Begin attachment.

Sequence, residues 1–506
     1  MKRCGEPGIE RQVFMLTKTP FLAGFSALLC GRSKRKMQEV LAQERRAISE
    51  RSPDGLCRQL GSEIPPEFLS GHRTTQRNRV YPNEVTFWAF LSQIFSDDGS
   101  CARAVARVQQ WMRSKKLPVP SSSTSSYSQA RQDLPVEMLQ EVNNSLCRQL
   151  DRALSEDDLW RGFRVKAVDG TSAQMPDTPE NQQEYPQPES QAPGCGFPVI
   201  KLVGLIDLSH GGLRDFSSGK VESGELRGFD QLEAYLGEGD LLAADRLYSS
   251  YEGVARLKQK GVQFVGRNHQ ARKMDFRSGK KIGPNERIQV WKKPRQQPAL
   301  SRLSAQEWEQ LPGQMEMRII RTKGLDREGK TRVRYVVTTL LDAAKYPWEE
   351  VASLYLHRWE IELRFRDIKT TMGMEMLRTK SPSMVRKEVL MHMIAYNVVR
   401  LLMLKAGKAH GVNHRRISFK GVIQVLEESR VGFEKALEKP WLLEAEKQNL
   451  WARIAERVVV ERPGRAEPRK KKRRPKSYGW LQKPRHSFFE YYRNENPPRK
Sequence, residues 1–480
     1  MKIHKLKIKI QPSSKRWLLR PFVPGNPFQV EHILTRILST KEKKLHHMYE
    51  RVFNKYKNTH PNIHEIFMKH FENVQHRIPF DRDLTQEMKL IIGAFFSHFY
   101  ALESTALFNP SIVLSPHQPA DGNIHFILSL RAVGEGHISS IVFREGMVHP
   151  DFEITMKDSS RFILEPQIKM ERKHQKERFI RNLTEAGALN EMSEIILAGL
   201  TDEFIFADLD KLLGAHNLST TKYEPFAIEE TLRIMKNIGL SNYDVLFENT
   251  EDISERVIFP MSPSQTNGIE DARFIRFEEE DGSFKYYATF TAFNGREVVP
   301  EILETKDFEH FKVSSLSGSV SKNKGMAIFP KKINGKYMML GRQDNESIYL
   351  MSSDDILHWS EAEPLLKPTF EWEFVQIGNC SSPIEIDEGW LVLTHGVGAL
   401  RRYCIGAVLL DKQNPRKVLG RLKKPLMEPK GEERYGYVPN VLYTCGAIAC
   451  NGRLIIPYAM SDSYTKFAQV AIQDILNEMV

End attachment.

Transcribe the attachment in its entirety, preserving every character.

Sequence, residues 1–506
     1  MKRCGEPGIE RQVFMLTKTP FLAGFSALLC GRSKRKMQEV LAQERRAISE
    51  RSPDGLCRQL GSEIPPEFLS GHRTTQRNRV YPNEVTFWAF LSQIFSDDGS
   101  CARAVARVQQ WMRSKKLPVP SSSTSSYSQA RQDLPVEMLQ EVNNSLCRQL
   151  DRALSEDDLW RGFRVKAVDG TSAQMPDTPE NQQEYPQPES QAPGCGFPVI
   201  KLVGLIDLSH GGLRDFSSGK VESGELRGFD QLEAYLGEGD LLAADRLYSS
   251  YEGVARLKQK GVQFVGRNHQ ARKMDFRSGK KIGPNERIQV WKKPRQQPAL
   301  SRLSAQEWEQ LPGQMEMRII RTKGLDREGK TRVRYVVTTL LDAAKYPWEE
   351  VASLYLHRWE IELRFRDIKT TMGMEMLRTK SPSMVRKEVL MHMIAYNVVR
   401  LLMLKAGKAH GVNHRRISFK GVIQVLEESR VGFEKALEKP WLLEAEKQNL
   451  WARIAERVVV ERPGRAEPRK KKRRPKSYGW LQKPRHSFFE YYRNENPPRK
Sequence, residues 1–480
     1  MKIHKLKIKI QPSSKRWLLR PFVPGNPFQV EHILTRILST KEKKLHHMYE
    51  RVFNKYKNTH PNIHEIFMKH FENVQHRIPF DRDLTQEMKL IIGAFFSHFY
   101  ALESTALFNP SIVLSPHQPA DGNIHFILSL RAVGEGHISS IVFREGMVHP
   151  DFEITMKDSS RFILEPQIKM ERKHQKERFI RNLTEAGALN EMSEIILAGL
   201  TDEFIFADLD KLLGAHNLST TKYEPFAIEE TLRIMKNIGL SNYDVLFENT
   251  EDISERVIFP MSPSQTNGIE DARFIRFEEE DGSFKYYATF TAFNGREVVP
   301  EILETKDFEH FKVSSLSGSV SKNKGMAIFP KKINGKYMML GRQDNESIYL
   351  MSSDDILHWS EAEPLLKPTF EWEFVQIGNC SSPIEIDEGW LVLTHGVGAL
   401  RRYCIGAVLL DKQNPRKVLG RLKKPLMEPK GEERYGYVPN VLYTCGAIAC
   451  NGRLIIPYAM SDSYTKFAQV AIQDILNEMV